- OPENING LINE
- PUBLISHER’S SUMMARY
- THE PLOT
- THE AUTHOR
- THE NARRATION
- THE PRODUCTION
- FINAL THOUGHTS
- QUICK FACTS
This book strives to answer one major mathematical question: Which is greater, my love of The Simpsons or my dislike of math?
The brainy new book by the best-selling author of Fermat’s Enigma a must for anyone interested in numbers and mathematics as well as for the millions of Simpsons fans worldwide.
Simon Singh offers fascinating new insights into the celebrated television series The Simpsons: That the show drip-feeds morsels of number theory into the minds of its viewers – indeed, that there are so many mathematical references in the show, and in its sister program, Futurama, that they could form the basis of an entire university course.
Recounting memorable episodes from “Bart the Genius” to “Homer3,” Singh brings alive intriguing and meaningful mathematical concepts – ranging from the mathematics of pi and the paradox of infinity to the origins of numbers and the most profound outstanding problems that haunt today’s generation of mathematicians. In the process, he illuminates key moments in the history of mathematics, and introduces us to The Simpsons’ brilliant writing team – the likes of David X. Cohen, Al Jean, Jeff Westbrook, and Stewart Burns, all of whom have various advanced degrees in mathematics, physics, and other sciences.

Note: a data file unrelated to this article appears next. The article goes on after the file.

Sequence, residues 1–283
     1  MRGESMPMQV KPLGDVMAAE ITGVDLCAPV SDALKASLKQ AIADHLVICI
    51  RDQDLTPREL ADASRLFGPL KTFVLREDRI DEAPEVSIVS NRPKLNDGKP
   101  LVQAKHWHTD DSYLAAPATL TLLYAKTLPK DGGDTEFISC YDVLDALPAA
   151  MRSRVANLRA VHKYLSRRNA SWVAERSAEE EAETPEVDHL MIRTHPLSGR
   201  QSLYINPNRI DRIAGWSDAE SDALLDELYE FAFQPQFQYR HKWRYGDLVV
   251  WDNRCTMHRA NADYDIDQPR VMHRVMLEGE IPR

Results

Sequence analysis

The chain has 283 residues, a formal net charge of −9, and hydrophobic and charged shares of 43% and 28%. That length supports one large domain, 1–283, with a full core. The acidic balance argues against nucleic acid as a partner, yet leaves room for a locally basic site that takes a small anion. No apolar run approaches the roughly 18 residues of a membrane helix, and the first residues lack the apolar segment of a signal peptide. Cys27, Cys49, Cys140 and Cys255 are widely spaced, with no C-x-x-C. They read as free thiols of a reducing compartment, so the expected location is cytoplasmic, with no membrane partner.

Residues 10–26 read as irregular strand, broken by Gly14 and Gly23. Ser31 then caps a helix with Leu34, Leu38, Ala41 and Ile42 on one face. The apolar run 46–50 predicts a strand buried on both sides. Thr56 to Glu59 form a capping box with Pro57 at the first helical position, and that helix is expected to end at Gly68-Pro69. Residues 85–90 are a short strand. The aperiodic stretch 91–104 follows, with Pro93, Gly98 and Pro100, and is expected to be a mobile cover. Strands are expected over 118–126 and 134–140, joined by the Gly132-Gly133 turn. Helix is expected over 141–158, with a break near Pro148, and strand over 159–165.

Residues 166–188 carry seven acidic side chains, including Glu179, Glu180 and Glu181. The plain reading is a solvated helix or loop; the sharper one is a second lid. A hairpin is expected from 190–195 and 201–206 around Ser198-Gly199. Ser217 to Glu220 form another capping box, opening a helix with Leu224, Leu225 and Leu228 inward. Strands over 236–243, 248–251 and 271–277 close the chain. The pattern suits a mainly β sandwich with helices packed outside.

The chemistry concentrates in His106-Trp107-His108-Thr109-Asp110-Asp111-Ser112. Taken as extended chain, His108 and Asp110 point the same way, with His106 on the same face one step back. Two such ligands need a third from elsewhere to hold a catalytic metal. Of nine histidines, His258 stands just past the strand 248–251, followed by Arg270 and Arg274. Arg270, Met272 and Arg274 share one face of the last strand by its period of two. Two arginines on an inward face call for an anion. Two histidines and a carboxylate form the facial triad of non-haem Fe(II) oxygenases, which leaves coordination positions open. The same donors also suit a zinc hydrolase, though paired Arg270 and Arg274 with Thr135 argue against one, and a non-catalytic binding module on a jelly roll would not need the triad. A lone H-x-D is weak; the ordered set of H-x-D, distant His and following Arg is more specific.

Based on interviews with the writers of The Simpsons and replete with images from the shows, facsimiles of scripts, paintings and drawings, and other imagery, The Simpsons and Their Mathematical Secrets will give anyone who reads it an entirely new mathematical insight into the most successful show in television history.
©2013 Simon Singh (P)2013 Audible, Inc.
“The Simpsons” is arguably the first TV series that was made for the freeze frame era. When the series first came out, it was at a time when VCRs were becoming more and more common in households. Having a VCR, and now a DVR with the ability to pause a show, meant that the writers could include jokes that would only be visible for a second or two and only noticed by those who cared enough to freeze frame them and look.
Given the makeup of the writing staff, as explored in ‘The Simpsons and Their Mathematical Secrets’, it is no surprise that a lot of the jokes have a mathematical theme. However, it would be incorrect to say that it is only these freeze frame gags where “The Simpsons” staff announces their love affair with mathematics. There have been subplots and even entire episodes based around mathematical concepts.
‘The Simpsons and Their Mathematical Secrets’ is an attempt to shine a light on the math of the Simpsons and Futurama universes. Unlike with ‘The Simpsons: An Uncensored, Unauthorized History’, Simon Singh was given access to former and current Simpsons staffers who comment on some of the mathematical concepts found in the series.
Several topics are explored in depth. The most interesting to me are the concepts used in ‘Moneyball’ which were tackled in a Simpsons episode called ‘Money Bart’. Along the way you will also learn how to calculate your Erdős–Bacon number, but you might not be able to do so without thinking “mmm, bacon.”
Singh does his best to bring some pretty heavy concepts down to the level of someone like me who barely passed Algebra II in High School. There are some amazingly big numbers in this book. How big? Well, you’re going to get to know what a Nanillion is for one thing. So attempting to get a handle on some of this might cause a headache. Thankfully, the book comes to your aid with the help of a downloadable PDF which contains several figures to help you along.